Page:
Thursday, March 21, 2013

Return to Ebenezer's: Pride of Lovell, Maine

Ebenezer's in Lovell, Maine
Ebenezer's is in direct competition with Novare Res in Portland to be my favorite beer bar in Maine,or for that matter, the North American continent. But I can never truly choose. Like snowflakes, they are unique and I don't think you could replicate either bar in any other area than the one that they are currently located. But Ebenezer's holds a special place in my heart for a few reasons. Number one: they're located in a little town where there's really little else. Number two: while a warm summer evening, sharing beers with locals and tourists on the porch is great, there's nothing I'd rather do on a frozen winter night than hunker down with a good beer and some soak it all up, quality grub. Third, and most important: the sours. So many Belgian sours.
Great atmosphere
On this particular occasion, after a day of skiing in the White Mountains of New Hampshire, tired but determined, we made the half hour driver over to Lovell to taste as many beers as we safely could. This is an easy task at Ebenezer's as the draft and bottle list are well curated to say the least. You'll find the rarest of the rare on the bottle list, including a number of beers from the Cantillon Brewery which no longer imports to the United States. The draft list is just as impressive. So many beers that you may never get to taste on draft again, and have been specifically chosen for how good they do taste when served straight from the tap. Servers are knowledgeable and all have their favorites... they obviously love where they work and are happy to discuss all their pours.
After much consultation and debate with servers and other patrons, we went for five different beers.
Vapeur Saison de Pipaix
Vapeur Saison de Pipaix: This was a great sour ale to try first. It starts out with a mildly vinegary smell, and has a smooth, round, robust taste. The beer is just funky enough without repelling people who aren't indoctrinated into the world of sour beers. There's also a little bit of a malty, liquorish flavor near the end.
Piwo Grodziskie
Piwo Grodziskie: This beer, light golden in color, had a beautiful foamy head. Slightly misleading with all that gorgeous white piled up, the beer was only a touch fizzy, and had a great tart, lemony flavor. Again, a bit of funk without going overboard.
Mort Subite White Lambic: This white lambic tasted as I should have expected. It smelled of ripe white peaches, and was ever so comforting. This was a beer to introduce girls who don't like beer to a genuinely tasty beer, for lack of a better way to put it. Just tell them it's soda. They won't know or care after a few of the Mort Subite.
Echt Kriekbier
Echt Kriekbier: Juxtapose the white lambic, this was a gnarly, serious, guttural beverage. It's your final beer type of beer. The kind that you sip while sitting in front of a fire, clutching a shot gun and listening to Amy Winehouse on repeat type of beer. Deep cherry flavors, and an aftertaste akin to a burly red wine, there was funk and a vinegar sour taste to really savor.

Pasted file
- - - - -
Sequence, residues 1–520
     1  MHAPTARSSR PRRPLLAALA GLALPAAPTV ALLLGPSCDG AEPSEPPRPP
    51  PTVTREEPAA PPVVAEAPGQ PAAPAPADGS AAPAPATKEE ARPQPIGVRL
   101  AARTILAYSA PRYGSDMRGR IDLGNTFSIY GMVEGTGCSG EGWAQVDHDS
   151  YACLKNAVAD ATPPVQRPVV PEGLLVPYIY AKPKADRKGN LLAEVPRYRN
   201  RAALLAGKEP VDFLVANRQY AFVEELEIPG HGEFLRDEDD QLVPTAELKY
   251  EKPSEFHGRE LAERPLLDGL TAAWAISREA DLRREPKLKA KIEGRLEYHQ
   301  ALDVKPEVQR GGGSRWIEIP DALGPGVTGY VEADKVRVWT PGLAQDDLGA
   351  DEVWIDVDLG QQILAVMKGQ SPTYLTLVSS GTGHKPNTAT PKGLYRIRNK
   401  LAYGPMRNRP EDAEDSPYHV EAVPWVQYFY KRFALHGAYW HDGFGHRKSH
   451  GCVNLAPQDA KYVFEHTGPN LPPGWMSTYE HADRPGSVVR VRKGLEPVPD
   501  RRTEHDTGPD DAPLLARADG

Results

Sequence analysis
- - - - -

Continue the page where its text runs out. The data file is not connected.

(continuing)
Abbey St Bon Chien
Abbey St Bon Chien on Pommau Oak: This beer was highly recommended by the regulars at the bar. While debating on which beer to end with before heading out on the road, we wanted something special. Seeing that we were fans of the Belgian-style sours, they immediately shouted the name of the Bon Chien. I've had bottles on a few special occasions, and always felt that the lightly fizzy, tart funk of the beer was one unique to any others that I've had. Perhaps closest in flavor to the deep red, round tones of my favorite beer, the Duchesse Bourgogne, I was not prepared for the extra depth and richness that the Abbey St Bon Chien had developed by aging in Pommau Oak barrels. It had a nice pucker at first sip, a robust earthiness from the barrels, a thicker than water mouth feel, and just a touch of bubbles. The aroma is hay bale heaven. Truly an enjoyable and special beer for the cold winter months.
Now, if you're going to be imbibing a number of beverages, I can't stress enough how helpful it is to have some hearty, tasty food, and plenty of water to keep you on your game. Ebenezer's will rise to the occasion. Whoever is cooking the steak tips at this place has got it right. On this occasion, we were very satisfied by two items featuring the tips.
Capitola Salad
The Capitola Salad: This hearty salad of mixed greens, sun-dried tomatoes, goat cheese, walnuts, and lovely pink in the middle, sliced steak tips was tossed with a sweet, salty, tart balsamic dressing. It was a great filling meal after a day of skiing, and substantial enough to soak up all of those beers.
Ebenezer's Sirloin Tips
Ebenezer's Sirlion Tips: The same perfectly cooked tips, tender and pink in the middle, are served hot along side a heap of starchy fries. You know what you're getting, and let's face it, at a Belgian beer bar, they should be able to do a pretty darn good version of steak frites. Try the frite sauce too, a tangy mayo to dip your fries.
I can't say enough about this bar. It's been voted "Best Beer Bar in the World" something like 12 times. No wait, 13 times; it says so right on the menu. So, if you're looking for a reason to visit the little town of Lovell, Maine, you've got it. Saddle up, order up some food to soak up your beverages, and get ready for a fabulous experience that won't leave you feeling "sour." Cheers.

Ebenezer's Pub
44 Allen Rd
Lovell, ME 04051

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